The building was erected in 1891 at a total cost of $5,000. At that time, material and labor were cheap so that to replace it today would require an expenditure of close to $8,000.

The paper reported temperatures of 15 degrees below zero half a block from the fire, "but considerably warmer than that, where it was necessary to do strenuous work to keep the adjoining buildings from catching fire," Reynolds wrote.

"A man who will stick to his post of duty until his clothing is soaked and he freezes his hands is worth 40 fellows who stand on the outside and "kick," Reynolds added.

The best sand mould red Menomime brick

The town council and residents immediately planned to build a new city hall, as evident in subsequent papers.

Discussion ensued during several council meetings about how to finance such a venture, and on March 8, 1904, the city issued a 15-year bond for $5,000 to finance the exterior of the new building.

"It is conceded," editor Reynolds wrote in the June 16 issue of the Herald, "that the amount for building purposes would not be sufficient, yet there is nothing to prevent erection of the exterior and leaving the finishing of the main part of the interior until some future time when more money can be had."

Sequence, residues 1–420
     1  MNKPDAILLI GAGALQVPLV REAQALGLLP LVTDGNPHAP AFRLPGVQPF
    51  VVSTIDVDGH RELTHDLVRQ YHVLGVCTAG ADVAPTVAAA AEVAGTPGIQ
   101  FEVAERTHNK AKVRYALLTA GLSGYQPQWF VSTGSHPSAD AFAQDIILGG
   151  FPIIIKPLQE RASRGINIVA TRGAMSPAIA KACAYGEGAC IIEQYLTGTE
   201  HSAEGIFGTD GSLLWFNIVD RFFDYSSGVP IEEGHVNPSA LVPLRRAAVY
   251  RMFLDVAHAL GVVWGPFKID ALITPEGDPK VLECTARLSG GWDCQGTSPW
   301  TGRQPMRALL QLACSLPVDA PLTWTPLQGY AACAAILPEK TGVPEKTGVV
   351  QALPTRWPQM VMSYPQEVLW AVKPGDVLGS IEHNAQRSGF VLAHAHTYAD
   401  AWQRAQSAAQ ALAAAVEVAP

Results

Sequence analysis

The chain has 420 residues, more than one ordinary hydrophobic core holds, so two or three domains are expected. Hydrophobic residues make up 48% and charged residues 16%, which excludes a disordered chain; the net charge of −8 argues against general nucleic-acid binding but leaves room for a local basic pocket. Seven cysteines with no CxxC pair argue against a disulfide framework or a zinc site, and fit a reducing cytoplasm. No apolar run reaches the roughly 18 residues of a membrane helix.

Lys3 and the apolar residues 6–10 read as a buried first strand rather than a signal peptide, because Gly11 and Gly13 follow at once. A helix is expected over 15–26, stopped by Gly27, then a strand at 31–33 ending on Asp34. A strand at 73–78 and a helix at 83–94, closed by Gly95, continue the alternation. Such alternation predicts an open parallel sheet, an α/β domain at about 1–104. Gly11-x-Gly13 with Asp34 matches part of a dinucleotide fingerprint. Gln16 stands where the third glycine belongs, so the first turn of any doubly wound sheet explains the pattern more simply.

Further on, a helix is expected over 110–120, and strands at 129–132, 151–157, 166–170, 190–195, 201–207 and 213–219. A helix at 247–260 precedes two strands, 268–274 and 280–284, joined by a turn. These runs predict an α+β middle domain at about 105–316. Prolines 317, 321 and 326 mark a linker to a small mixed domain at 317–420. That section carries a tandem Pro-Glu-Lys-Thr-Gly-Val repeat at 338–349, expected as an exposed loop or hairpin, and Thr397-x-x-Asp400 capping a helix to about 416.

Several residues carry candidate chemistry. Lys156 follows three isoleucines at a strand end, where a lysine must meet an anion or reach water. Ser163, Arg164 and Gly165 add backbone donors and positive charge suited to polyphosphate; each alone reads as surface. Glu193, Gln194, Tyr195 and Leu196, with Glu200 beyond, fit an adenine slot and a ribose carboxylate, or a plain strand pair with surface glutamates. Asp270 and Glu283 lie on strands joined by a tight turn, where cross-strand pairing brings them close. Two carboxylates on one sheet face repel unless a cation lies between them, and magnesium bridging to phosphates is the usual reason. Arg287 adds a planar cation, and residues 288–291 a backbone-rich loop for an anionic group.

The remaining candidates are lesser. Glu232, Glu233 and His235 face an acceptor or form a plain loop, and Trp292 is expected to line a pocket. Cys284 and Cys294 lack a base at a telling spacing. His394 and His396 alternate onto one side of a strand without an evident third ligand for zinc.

The council voted to place the village hall 12 feet from the sidewalk, July 7.

Later that month, the council approved the architect's plans, with one addition: all outside walls were to be of the best sand mould red Menomime brick, with cornices put on north and east sides.

The council also ordered a door, instead of one window, in the office rooms on the south side.

Out of six bids received, F.A. Hancock was awarded the project for a cost of $7,925. The highest bid out of all was quoted by Olson & Skoalheim for $8,968.

Construction ensued in a hurry, and by the following Jan. 2, 1905, the modern-day building was formally dedicated with great fanfare, attended by the entire town population.

The auditorium, with seating capacity of 500, and other interior portions of the building were not completed at that time, but "it is safe to say a prettier and better building of this kind cannot be found anywhere in a town of this size," Reynolds wrote.

Restoring the city hall

Today, the city council plans to renovate the city hall building in the price range of $1 million, which is an average cost of a project of this kind, said City Administrator Doug Borglund.

Residents must remember that to build a new structure would cost more than this, and the building will either need to be taken down or rehabilitated, Borglund said.

Plans are to move the police department, and city administrative offices to the second floor, and expand the municipal liquor store to overtake the main floor.

The off sale liquor store will be moved away from the parking lot to the west end, Borglund said.

The renovation does not include room for city council chambers or the Lions' meeting hall.

The city is currently in the process of applying for grants to refurbish the structure.